Canadian Orthopaedic Foundation

Canadian Orthopaedic Foundation

April 24, 2007 15:00 ET

Motor Vehicle Crashes Take Toll on Orthopaedic Health

“All of these injuries are preventable,” says Foundation head

Attention: City Editor, Health/Medical Editor, Lifestyle Editor, Transportation Editor TORONTO, ONTARIO, NEWS RELEASE--(CCNMatthews - April 24, 2007) - Improvements in bone and joint care, and promising research, make a significant difference in orthopaedics in Canada. But one of the biggest impacts on orthopaedic health is within the grasp of motorists - increased safety on our roads.

"Motor vehicle crashes remain a huge concern, in the injuries that require orthopaedic treatment, and the burden on the health care system," says Angelique Berg, executive director, Canadian Orthopaedic Foundation. "One of our priorities is education, and our message is that there are no traffic 'accidents' - all of these injuries are preventable."

Berg is speaking out in support of the first United Nations Global Road Safety Week, April 23-29, 2007. The aim of the week is to raise awareness about the societal impact and costs of motor vehicle collisions, with a focus on young road users.

According to Transport Canada, approximately 210,000 Canadians are injured in traffic incidents every year. For people under 25, the numbers are particularly alarming. This age group accounts for 24% of all drivers killed or injured, 44% of passengers killed, and 47% of passengers injured.

Almost half of severe injuries in Canada, reports the Canadian Institute for Health Information (CIHI), result from motor vehicle crashes. The CIHI report says major trauma patients most commonly suffer head injuries, followed closely by orthopaedic injuries.

Even non-life threatening injuries from crashes can still be life altering, says Dr. Rick Buckley, an orthopaedic surgeon and head of trauma at Foothills Medical Centre in Calgary.

"People will forget about the fact they broke a rib, had a collapsed lung, or even lost a spleen," says Dr. Buckley. "But disabilities from knee, hip or foot injuries can be enormous. Some people will never be quite the same."

John Leroux, 35, is one. In February 2006, the Fredericton, N.B. architect was driving to a meeting, when another car ploughed into him; that driver had dropped a cigarette and was momentarily distracted. Leroux's car was crushed, and his skull, arm, wrist, and legs were fractured. He had bone grafts in both legs, spent three months in hospital, and months more in physiotherapy, going from a wheelchair to crutches to a cane.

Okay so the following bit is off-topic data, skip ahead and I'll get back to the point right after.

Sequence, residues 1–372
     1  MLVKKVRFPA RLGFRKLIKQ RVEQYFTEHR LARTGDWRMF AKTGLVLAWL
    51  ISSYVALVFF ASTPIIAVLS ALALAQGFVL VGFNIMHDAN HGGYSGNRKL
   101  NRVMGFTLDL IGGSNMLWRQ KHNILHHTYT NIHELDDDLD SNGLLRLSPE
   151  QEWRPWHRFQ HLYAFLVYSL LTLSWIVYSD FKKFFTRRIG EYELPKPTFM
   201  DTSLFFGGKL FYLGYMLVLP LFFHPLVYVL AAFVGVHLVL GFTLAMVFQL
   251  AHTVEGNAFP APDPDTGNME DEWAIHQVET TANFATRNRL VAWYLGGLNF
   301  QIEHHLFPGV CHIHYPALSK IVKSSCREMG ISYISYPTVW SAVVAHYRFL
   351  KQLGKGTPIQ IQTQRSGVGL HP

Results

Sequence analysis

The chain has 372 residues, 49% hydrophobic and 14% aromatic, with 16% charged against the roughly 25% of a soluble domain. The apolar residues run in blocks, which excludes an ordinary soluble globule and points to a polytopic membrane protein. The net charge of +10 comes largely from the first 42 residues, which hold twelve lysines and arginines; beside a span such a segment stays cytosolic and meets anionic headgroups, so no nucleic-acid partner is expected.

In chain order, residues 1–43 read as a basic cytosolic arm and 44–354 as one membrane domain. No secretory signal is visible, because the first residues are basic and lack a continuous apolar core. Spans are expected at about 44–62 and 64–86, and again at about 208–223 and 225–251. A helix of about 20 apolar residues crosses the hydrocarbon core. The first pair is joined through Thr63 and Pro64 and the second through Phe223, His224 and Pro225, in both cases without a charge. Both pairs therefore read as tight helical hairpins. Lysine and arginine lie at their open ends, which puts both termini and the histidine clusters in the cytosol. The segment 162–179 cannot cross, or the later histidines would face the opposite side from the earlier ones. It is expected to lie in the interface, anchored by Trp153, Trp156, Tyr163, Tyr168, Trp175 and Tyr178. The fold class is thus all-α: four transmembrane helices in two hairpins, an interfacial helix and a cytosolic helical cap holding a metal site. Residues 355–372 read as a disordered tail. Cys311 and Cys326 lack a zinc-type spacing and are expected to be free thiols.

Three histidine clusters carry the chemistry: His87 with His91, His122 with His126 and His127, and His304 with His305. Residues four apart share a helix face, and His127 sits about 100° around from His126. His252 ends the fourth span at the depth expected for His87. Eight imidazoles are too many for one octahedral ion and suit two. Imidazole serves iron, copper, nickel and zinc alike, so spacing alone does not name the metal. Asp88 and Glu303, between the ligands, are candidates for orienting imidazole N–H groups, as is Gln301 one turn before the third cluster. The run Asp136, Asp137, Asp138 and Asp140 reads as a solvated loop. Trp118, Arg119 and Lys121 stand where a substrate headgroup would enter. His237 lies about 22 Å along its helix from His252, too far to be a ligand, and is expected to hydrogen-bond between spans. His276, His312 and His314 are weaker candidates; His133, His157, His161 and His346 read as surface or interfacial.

Leroux says he continues to recover. But he is always aware of his limitations - not being able to play a favourite sport, run with his child, or kneel down to pick something up.

"People take their orthopaedic health for granted," says Leroux. "But when you have a lack of mobility, it's amazing what's taken away from you, and how debilitating it can be. I know I'm lucky to even be alive. But I live with the results of the crash every day. When people are on the road, they have to remember that every decision they make can have an enormous impact."

Whether you're the cause of a crash or the victim of someone else's bad driving, Berg says, these crashes always come down to poor decision making - things like speeding, drunk driving, distracted driving, unsafe passing, following too closely, or running stop signs or traffic lights.

"As the U.N. says, road traffic injuries are a global epidemic," says Berg. "We're making progress in orthopaedic health through our hospitals, doctor's offices, and research labs. But if we want to reduce orthopaedic injuries, then a big part of the solution is also on the roads and in our hands - the hands that drive our vehicles."

About the Foundation

The Canadian Orthopaedic Foundation is a registered charity dedicated to achieving excellence in bone and joint health, mobility and function for all Canadians. Founded in 1965, the Foundation raises funds through public donations, and allocates them to initiatives that advance orthopaedic research, promote public and professional education, and improve the delivery of community care. Through those improvements, we strive to keep Canadians living and moving independently.

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/For further information: Debbie Gates
Phone: 416-410-2341 or 1-800-461-3639 ext. 3
Cell phone: 416-577-3251
Fax: 416-352-5078
Website: or


Contact Information

  • Debbie Gates, Communications & Education Manager, Canadian Orthopaedic Foundation
    Primary Phone: 416-410-2341 ext. 3
    Secondary Phone: 905-799-2719
    Toll-Free: 800-461-3639